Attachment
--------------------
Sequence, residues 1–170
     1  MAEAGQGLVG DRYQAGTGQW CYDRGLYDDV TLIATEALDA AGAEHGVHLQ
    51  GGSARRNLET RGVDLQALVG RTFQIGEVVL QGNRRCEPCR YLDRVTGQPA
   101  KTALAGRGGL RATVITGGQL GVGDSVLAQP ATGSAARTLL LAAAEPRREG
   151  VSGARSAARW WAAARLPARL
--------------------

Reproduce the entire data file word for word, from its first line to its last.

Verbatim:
Sequence, residues 1–170
     1  MAEAGQGLVG DRYQAGTGQW CYDRGLYDDV TLIATEALDA AGAEHGVHLQ
    51  GGSARRNLET RGVDLQALVG RTFQIGEVVL QGNRRCEPCR YLDRVTGQPA
   101  KTALAGRGGL RATVITGGQL GVGDSVLAQP ATGSAARTLL LAAAEPRREG
   151  VSGARSAARW WAAARLPARL